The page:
Apropos of nothing, I had this conversation today and was dazzled by my own smrtniss, er, smartness, er CLEVERNESS:
Me: If Molly punks out, she'll be punking out on herself, and that's not cool.
Andrew: Yeah, that's true, it's not. But we've all done it.
Me (abashedly): Yeah, that's true.
Andrew: But that doesn't mean we can't still make fun of her for it. We can be hypocrites. (laughs)
Me: Yeah! Hypocrisy is AWESOME! (Pause) As long as I'm the one doing it.
Completely unrelatedly, and apropos to nothing especially that last thing, I've been meaning to write down a sort of declaration of principle that's been rattling around in my head for a while and I just wanted to "get it on paper," as it were. In this case, my paper is a self-aggrandizing blog, and I don't really want to get it down just to remember it, but also to be self-congratulatory. Disclaimers aside:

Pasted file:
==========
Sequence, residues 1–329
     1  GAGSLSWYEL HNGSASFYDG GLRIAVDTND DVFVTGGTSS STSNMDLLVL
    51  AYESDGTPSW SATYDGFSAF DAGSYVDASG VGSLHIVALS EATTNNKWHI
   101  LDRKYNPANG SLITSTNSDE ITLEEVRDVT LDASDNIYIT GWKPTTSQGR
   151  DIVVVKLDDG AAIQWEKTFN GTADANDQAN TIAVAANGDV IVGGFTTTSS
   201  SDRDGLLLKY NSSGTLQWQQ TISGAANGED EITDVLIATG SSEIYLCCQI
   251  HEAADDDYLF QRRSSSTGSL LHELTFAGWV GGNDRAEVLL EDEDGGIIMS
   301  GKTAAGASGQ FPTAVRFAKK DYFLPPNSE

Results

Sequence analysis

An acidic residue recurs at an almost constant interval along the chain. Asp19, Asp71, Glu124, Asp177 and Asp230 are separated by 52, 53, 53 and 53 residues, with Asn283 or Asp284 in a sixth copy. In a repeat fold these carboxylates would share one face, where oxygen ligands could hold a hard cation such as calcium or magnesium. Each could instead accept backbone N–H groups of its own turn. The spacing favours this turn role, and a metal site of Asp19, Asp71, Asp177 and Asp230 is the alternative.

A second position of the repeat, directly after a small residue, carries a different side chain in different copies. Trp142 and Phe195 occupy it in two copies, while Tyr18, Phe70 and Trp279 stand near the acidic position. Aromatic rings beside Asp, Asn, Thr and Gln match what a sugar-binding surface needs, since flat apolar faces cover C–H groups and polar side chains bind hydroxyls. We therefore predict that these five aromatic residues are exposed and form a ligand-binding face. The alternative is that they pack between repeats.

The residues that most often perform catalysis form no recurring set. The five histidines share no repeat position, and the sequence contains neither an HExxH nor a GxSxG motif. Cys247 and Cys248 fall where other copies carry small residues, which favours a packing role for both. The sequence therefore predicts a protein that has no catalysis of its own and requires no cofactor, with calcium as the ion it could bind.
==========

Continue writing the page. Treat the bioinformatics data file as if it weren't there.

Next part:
"It is not the purpose of government to require someone be extraordinary in order to survive. Rather, the true purpose of government is to help create and maintain a society where average people have what they need to live extraordinary lives."
I've been working on the exact phrasing for a while for my own edification, but I impressed myself with the sentiment. It's based largely on Nobel Laureate economist Amartya Sen and his analysis of "equalities," such as in "Inequality Reexamined." And of course, I use government here in a context of strengthened/a Strong "small-d" democracy, sensu Prugh, Constanza and Daly's "The Local Politics of Global Sustainability," the book that helped set my entire research agenda and career (such as it is right now) in place.
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